Food trends are constantly changing be it: Paleo, vegan, low fat, low carb, raw and alkaline, there are many options to choose from. Adults may be jumping on the band-wagon, but are these food fads safe for children?
For those who need a quick primer, the Paleo diet encourages us to eat the way our Paleolithic ancestors did; eliminating sugar, processed foods, grains and legumes and focusing instead on meat, fish, vegetables and fruit. Essentially, meat, seafood, eggs, nuts, seeds, fruit and vegetables are allowed but grains, rice, potatoes and processed foods are off the menu.
The Paleo diet has received some recent attention as a new recipe book for babies and toddlers. A major criticism and key concern is a DIY baby formula based on bone broth and liver. This is a recipe for disaster (pun intended). It contains 10 times the safe amount of vitamin A for babies, which can cause vitamin A toxicity and can cause death. The book lost it's publisher due to safety concerns, so the author published it independently. If the comments on his Facebook page are anything to go by, he has plenty of support from members of his "tribe" who still intend to buy it.
Don't get me wrong, I think the Paleo diet has many merits. It is low carb and low sugar. This is of huge benefit in our world of fast food meals and processed treats. I think kids and adults alike eat far too many processed foods, and I worry about its impact on obesity, high blood pressure, diabetes, and cancer. I am all for healthy foods that look like they did when they were pulled from the ground or from a tree.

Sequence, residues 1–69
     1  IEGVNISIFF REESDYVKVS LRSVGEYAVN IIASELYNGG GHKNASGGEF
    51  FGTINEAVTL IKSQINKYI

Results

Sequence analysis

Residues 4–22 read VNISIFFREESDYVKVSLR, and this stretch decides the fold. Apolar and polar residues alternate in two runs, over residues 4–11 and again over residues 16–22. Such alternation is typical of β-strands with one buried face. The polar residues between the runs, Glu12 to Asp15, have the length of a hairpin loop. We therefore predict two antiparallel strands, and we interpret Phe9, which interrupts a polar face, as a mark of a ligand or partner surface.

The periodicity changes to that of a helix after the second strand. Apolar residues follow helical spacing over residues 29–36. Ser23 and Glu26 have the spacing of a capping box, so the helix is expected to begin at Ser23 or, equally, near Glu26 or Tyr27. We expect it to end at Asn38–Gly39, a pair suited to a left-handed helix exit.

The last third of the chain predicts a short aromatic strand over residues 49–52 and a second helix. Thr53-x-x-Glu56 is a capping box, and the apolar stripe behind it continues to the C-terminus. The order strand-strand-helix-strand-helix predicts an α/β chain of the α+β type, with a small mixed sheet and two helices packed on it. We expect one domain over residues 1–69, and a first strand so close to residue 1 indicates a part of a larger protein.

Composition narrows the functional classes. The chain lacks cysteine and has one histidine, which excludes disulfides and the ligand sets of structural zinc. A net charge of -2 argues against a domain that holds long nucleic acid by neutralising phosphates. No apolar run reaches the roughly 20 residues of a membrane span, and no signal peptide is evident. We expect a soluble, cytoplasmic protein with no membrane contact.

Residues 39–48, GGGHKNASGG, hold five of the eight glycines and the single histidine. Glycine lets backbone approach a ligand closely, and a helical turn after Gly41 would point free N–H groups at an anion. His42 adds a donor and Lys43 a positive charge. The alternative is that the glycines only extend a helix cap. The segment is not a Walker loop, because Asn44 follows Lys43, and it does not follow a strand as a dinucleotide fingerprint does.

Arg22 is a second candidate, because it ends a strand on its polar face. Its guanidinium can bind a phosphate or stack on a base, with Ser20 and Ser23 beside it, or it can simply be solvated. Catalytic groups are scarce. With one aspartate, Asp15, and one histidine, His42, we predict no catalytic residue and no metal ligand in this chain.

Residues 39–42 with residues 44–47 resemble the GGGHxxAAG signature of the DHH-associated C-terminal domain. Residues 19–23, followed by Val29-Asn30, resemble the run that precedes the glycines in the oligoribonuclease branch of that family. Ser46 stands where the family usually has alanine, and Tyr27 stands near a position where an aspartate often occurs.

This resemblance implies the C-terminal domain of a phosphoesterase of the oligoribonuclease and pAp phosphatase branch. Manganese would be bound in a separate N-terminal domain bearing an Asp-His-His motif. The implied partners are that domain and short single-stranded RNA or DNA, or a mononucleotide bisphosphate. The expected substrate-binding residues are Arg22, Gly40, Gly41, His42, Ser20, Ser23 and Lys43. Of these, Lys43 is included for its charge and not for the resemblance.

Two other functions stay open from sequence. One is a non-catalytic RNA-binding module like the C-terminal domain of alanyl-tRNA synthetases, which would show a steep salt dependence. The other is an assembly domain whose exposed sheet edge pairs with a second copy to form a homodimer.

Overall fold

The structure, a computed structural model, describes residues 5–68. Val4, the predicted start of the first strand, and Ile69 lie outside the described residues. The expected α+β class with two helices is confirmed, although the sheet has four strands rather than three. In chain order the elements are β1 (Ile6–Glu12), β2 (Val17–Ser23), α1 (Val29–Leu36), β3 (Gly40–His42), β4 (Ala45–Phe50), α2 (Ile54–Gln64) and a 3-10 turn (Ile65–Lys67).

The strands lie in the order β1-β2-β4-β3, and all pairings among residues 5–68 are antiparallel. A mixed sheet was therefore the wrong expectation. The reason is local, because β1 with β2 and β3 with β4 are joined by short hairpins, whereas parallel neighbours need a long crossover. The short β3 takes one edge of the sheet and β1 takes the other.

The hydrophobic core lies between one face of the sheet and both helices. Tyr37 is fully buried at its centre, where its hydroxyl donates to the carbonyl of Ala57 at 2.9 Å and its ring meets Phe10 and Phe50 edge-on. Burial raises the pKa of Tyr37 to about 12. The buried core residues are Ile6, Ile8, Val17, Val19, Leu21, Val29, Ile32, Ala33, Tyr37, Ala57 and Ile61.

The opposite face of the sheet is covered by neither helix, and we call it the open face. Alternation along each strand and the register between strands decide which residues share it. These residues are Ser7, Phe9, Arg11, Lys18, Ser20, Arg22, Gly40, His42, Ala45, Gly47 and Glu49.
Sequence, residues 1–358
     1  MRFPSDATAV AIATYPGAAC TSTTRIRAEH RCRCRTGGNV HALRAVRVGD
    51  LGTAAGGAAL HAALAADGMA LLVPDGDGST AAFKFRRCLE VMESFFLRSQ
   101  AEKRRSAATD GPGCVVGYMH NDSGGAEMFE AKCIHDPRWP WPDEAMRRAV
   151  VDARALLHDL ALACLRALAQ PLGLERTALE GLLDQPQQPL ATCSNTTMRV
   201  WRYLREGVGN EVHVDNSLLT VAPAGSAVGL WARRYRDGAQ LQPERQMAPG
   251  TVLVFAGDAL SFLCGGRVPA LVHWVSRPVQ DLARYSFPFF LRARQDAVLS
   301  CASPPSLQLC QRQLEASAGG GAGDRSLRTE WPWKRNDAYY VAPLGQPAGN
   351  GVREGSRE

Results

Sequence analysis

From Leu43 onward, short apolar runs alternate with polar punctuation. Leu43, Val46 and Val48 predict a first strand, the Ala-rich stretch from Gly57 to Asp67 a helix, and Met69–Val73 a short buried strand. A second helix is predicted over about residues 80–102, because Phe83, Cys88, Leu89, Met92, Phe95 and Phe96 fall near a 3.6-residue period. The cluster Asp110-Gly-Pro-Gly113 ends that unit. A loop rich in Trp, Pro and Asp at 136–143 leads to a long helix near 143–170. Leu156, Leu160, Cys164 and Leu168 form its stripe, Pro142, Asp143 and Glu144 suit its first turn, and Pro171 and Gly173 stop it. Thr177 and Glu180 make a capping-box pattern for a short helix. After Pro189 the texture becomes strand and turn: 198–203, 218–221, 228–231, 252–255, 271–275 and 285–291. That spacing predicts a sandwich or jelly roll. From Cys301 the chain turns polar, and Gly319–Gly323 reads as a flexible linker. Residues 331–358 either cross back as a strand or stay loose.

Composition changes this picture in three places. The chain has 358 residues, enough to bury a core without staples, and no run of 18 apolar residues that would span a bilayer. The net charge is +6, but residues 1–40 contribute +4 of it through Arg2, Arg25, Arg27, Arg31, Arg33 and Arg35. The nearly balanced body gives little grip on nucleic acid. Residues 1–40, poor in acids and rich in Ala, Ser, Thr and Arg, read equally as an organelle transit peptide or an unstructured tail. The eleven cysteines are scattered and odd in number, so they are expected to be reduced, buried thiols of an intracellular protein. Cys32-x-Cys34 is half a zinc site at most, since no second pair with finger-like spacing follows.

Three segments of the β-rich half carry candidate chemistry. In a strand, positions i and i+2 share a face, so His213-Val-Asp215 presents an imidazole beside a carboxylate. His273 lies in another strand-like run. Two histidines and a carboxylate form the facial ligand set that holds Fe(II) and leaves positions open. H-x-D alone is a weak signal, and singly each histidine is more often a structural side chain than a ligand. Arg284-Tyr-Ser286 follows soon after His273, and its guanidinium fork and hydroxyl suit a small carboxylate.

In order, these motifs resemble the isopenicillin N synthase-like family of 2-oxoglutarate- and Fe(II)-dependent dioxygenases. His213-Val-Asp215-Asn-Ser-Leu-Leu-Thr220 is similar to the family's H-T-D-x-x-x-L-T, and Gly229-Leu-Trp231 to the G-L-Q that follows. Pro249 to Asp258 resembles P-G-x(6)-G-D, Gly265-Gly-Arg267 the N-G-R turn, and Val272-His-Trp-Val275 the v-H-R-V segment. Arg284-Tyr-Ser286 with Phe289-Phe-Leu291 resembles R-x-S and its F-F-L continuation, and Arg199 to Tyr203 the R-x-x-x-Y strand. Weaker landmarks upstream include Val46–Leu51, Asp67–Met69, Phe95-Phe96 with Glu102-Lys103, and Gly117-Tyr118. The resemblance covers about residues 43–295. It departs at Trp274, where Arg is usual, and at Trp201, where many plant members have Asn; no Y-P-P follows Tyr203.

I have celiac disease and therefore eat no wheat, barley or rye. We use many Paleo-type cookbooks at home, favouring proteins, vegetables and fruits in our meals. However, we consume a fair amount of rice and other grains such as quinoa and my kids are not limited to my gluten free diet.
For the first year of a baby's life, nutrition should come from mother's breast milk as often as possible. Babies grow quickly and getting adequate nutrition is paramount. Breastfeeding provides a baby with all the nutrients he or she needs to develop. Breastfeeding also transfers healthy bacteria from the mother's digestive tract, supporting healthy digestion later in life.
In traditional hunter-gatherer societies, babies breastfeed for years, an uncommon choice nowadays. So what is a Paleo mother to do if she is no longer able or no longer wants to breastfeed? Unfortunately, over-the-counter baby formula is almost as far from Paleo as it's possible to get. It may be tempting to provide your Paleo baby with homemade infant formula, but this practice is wrought with potential complications, from bacterial contamination to nutritional deficiencies and possible toxicities.
What About the Paleo Diet After Infancy?
While I love the emphasis on avoiding processed foods, hard core Paleo dieters may miss our on necessary food groups including whole grains, dairy and legumes, and it may lack variety. For Toddlers and teenagers dairy is essential to consume for sufficient calcium to support bone development.
Families can eat a Paleo diet that is varied and ensures adequate nutrition for their children. But make sure that you plan this diet carefully to make sure your children are getting sufficient variety and are not missing out on essential vitamins and nutrients required for normal development.
ALSO ON HUFFPOST: